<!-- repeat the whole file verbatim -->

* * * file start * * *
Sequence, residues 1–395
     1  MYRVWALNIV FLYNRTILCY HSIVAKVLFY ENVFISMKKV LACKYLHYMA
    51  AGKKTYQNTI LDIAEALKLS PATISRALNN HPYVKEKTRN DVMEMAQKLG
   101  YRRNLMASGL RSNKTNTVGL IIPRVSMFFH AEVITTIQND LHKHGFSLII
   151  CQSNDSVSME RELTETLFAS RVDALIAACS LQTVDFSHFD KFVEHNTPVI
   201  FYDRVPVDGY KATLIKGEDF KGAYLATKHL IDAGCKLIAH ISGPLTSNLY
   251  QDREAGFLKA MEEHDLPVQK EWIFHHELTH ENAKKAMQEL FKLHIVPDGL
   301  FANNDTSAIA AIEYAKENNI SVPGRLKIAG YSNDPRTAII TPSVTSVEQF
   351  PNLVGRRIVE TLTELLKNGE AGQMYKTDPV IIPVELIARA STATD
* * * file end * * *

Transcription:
Sequence, residues 1–395
     1  MYRVWALNIV FLYNRTILCY HSIVAKVLFY ENVFISMKKV LACKYLHYMA
    51  AGKKTYQNTI LDIAEALKLS PATISRALNN HPYVKEKTRN DVMEMAQKLG
   101  YRRNLMASGL RSNKTNTVGL IIPRVSMFFH AEVITTIQND LHKHGFSLII
   151  CQSNDSVSME RELTETLFAS RVDALIAACS LQTVDFSHFD KFVEHNTPVI
   201  FYDRVPVDGY KATLIKGEDF KGAYLATKHL IDAGCKLIAH ISGPLTSNLY
   251  QDREAGFLKA MEEHDLPVQK EWIFHHELTH ENAKKAMQEL FKLHIVPDGL
   301  FANNDTSAIA AIEYAKENNI SVPGRLKIAG YSNDPRTAII TPSVTSVEQF
   351  PNLVGRRIVE TLTELLKNGE AGQMYKTDPV IIPVELIARA STATD